Shaker Wall Cabinet

A simple shaker style wall cabinet with hanging pegs.




Wood Selection, Milling Wood

Carcase Assembly

Sanding, Finish Application

Hanging the Final Product



This desing is something a variant of the Byrdcliffe cabinet reproductions that I made in poplar...


The design is meant to hang on the wall in Silas' particular, the top of the cabinet will hold a Lego creation that is too large to go on the corner shelf.



Wood Selection, Milling



I purchased some 4/4 poplar stock from Larry at Heartwood in Star, MS.

Boards were 7+ inches wide and 10 feet long.

They surface planed both sides of the boards to 7/8 inch thick and jointed an edge.

Cindy and I cut the boards into 6 foot and 4 foot sections in the garage...

In the shop, further rough milling was done at the MFT3 table and the P66...
Oversized blanks are still fat...wood is ready to be planed to 3/4 and worked to final dimensions.

Then we set up the Freud stack dado set to cut a 3/4" wide dado at 1/4" depth.

The crosscut was made with Incra mitre gauge with a sacrificial fence and stop.


These were made for the shelf grooves and the middle support grooves.
The end boards got a 1/4 x 3/4 rebate...cross cut these rebates with the Incra and a PM66 sacrificial fence.
Rip cuts for the rebates were indexed against the sacrificial fence.
End boards with grooves and rebates...
Top and bottom boards with grooves and rebates.

The 7 slats for the rear were ripped to 6 inches...this will result in a show of 5 3/4 inches and a tongue that will project 1/4 inch.

We used a Sommerfeld matched v-cut tongue and groove router bit set...

Routing the tongue plus a chamfer...on six slats.

Routing the groove plus a chamfer...on six slats.

Five of the slats have both a tongue side and a groove side.

Carcase Assembly

The inside surfaces of the carcase elements were sanded and finished with shellac prior to glue up.

James and I started the glue up with the shelf, with the board fitting into the two cross grooves.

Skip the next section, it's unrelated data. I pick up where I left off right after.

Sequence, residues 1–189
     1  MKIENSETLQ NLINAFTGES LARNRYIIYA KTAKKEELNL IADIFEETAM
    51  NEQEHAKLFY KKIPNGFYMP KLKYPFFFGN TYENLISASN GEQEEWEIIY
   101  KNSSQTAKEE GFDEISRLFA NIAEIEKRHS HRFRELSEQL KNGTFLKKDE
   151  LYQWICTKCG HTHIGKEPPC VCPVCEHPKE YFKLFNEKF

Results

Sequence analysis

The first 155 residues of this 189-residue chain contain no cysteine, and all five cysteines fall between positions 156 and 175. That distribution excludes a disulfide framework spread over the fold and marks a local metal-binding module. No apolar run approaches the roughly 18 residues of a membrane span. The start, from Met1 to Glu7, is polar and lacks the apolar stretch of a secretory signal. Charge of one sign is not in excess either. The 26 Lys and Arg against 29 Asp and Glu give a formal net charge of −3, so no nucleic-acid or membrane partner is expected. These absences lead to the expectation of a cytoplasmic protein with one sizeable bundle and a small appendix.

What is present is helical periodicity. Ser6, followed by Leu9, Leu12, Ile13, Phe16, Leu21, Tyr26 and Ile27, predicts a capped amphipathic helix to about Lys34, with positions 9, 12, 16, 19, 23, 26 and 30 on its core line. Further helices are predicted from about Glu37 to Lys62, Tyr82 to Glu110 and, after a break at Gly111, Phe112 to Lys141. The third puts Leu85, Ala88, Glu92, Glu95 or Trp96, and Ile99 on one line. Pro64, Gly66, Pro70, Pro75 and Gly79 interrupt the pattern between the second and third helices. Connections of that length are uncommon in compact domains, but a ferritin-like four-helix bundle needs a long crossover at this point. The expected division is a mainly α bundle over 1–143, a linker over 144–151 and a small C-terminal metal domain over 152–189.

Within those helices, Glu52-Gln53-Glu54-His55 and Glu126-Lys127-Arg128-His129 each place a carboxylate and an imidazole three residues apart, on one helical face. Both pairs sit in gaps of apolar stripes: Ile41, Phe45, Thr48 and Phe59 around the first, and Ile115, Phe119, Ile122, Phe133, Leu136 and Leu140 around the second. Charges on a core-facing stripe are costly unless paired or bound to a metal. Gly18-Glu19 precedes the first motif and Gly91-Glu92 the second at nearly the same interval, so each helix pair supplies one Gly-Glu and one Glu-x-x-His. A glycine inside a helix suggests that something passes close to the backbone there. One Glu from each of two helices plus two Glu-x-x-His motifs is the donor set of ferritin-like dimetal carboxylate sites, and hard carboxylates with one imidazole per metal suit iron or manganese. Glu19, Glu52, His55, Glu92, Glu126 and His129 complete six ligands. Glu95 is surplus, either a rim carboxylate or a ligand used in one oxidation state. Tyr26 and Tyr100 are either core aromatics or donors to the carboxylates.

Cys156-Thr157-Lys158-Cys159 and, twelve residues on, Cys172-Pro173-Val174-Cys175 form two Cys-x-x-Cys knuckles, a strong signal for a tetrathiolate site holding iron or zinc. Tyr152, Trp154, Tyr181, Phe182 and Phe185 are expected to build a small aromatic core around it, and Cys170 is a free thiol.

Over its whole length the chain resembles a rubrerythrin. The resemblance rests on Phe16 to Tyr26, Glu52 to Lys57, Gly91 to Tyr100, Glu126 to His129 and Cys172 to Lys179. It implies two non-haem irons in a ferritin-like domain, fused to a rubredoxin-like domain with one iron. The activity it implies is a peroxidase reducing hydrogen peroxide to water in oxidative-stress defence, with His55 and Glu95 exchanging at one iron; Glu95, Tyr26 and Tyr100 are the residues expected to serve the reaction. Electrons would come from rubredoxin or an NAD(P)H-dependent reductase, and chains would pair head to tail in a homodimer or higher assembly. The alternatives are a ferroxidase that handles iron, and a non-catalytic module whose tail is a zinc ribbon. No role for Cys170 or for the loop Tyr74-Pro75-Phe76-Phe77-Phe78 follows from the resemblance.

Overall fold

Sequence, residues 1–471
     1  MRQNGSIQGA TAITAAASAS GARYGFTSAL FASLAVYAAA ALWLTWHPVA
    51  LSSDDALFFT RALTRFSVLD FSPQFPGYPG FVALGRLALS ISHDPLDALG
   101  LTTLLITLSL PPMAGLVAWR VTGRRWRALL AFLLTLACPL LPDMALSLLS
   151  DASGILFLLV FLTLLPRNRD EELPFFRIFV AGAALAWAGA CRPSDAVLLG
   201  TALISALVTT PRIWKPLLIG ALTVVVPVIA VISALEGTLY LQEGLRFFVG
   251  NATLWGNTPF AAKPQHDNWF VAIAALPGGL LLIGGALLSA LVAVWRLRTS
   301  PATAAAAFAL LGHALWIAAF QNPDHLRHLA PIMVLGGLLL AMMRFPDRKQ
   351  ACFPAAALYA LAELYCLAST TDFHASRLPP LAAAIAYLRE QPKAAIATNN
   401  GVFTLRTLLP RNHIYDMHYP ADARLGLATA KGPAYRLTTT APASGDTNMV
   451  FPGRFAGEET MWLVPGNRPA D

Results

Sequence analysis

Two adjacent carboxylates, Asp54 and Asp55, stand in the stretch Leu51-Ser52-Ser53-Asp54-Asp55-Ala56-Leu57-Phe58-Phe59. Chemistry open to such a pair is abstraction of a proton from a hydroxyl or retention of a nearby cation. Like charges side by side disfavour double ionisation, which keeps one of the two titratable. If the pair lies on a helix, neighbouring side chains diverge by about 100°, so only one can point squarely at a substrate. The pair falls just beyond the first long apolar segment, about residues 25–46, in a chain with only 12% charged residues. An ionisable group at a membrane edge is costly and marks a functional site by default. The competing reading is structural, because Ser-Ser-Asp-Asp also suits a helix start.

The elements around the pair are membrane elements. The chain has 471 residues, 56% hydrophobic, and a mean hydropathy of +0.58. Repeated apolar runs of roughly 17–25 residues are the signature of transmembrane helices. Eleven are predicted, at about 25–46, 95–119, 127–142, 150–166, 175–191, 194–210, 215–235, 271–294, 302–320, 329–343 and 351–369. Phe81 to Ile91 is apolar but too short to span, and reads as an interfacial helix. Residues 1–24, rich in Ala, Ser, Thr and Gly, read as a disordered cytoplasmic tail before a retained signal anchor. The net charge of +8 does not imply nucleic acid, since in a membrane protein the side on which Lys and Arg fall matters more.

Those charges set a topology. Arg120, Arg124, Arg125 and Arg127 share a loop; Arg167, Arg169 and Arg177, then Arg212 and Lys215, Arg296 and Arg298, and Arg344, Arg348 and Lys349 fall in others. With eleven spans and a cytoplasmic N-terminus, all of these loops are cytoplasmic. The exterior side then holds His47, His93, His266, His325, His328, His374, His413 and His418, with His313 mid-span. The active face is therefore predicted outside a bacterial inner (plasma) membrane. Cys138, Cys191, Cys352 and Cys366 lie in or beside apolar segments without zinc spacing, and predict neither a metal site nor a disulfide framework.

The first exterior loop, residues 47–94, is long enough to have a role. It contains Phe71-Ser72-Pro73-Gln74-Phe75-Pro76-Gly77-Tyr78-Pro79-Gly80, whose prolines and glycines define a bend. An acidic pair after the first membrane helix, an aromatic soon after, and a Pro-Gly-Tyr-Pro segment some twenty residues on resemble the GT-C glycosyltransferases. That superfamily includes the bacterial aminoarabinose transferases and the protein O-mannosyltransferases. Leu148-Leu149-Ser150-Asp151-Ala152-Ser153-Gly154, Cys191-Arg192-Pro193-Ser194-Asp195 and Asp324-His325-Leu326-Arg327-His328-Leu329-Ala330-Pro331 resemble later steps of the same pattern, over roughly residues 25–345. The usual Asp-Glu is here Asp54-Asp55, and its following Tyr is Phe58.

This section was then clamped.

Rear view of the carcase frame with the rebates...


After the rear slats were sanded and had shellac on the show faces, they were dry fit into the rebates on the back edge of the carcase.

I used the thickness of rulers as a spacer...

I switched to washers as spacers...
Six slats go in as full units...the final slat will be about 1/2 the size of the others...after the dry fit I marked out the width of the final 1/2 slat...3 1/4 inches...

Ripped the board to that size and attempted to dry fit it...a skosh too wide...ripped off a 1/32 and it dropped in.





Taped off the dry-fit panels to maintain the spacing...
...and checked out the look on the show side.

To secure the slats, we began with a full piece on the right end of rear of the carcase. We glued the end edge only and secured with 18g brads 1-1/4 inch.

The left edge of the slat was free to expand.

We continued to add slats properly spaced...

After all slats were in...with the 1/2 slat on the left end glue and naile, all of the properly spaced slats got a brad in the center of the board at the top and bottom and with a #6 1-1/4 screw into the back edge of the shelf.

The tongue and groove spacing will accomodate the expansion and contraction of the slats.

Additionally, to further secure the two end slats, which will be the slats through which the mounting screws will go into the wall studs...we added a #6 1-1/4 screw from the top into the slat.
To further solidify the top and bottom joints to the side of the carcase we drilled centered 1-1/4 inch deep dowel holes...
...prepped 2" long 1/4 inch poplar dowels...
pounded them into the holes with a little glue...will flush cut.
Sanding, Finish Application
Prior to carase assembly, the interior surfaces were sanded with Rotex 150mm with a grit progression of 120x-220x-400x.

I padded on three coats of made with BT&C Amber flakes and Everclear 190 proof alcohol.

Board locations that would be glued were taped off so that shellac would not affect the glue joint.

The slats got the same treatment protocols...3 grits sanding and 3 coast of shellac.
The carcase was sanded at 150x, 220x, and 400x...
...and three coats of 2 lb. amber shellac was padded on.
All of the front edges were sanded by hand and then three coated with amber shellac...padded on.
Hanging the Final Product

Screw holes were put throught the 3/4 stock on the backside...these were 32 inches apart to go into the studs.

From the interior, the holes were countersunk and prepped for #10 x 2.5 inch square drive screws.

After everything was prepped I got up onto the desk top...the first order of business is to verify alignment of the first screw...from above I rechecked the stud location and then lined up my marks



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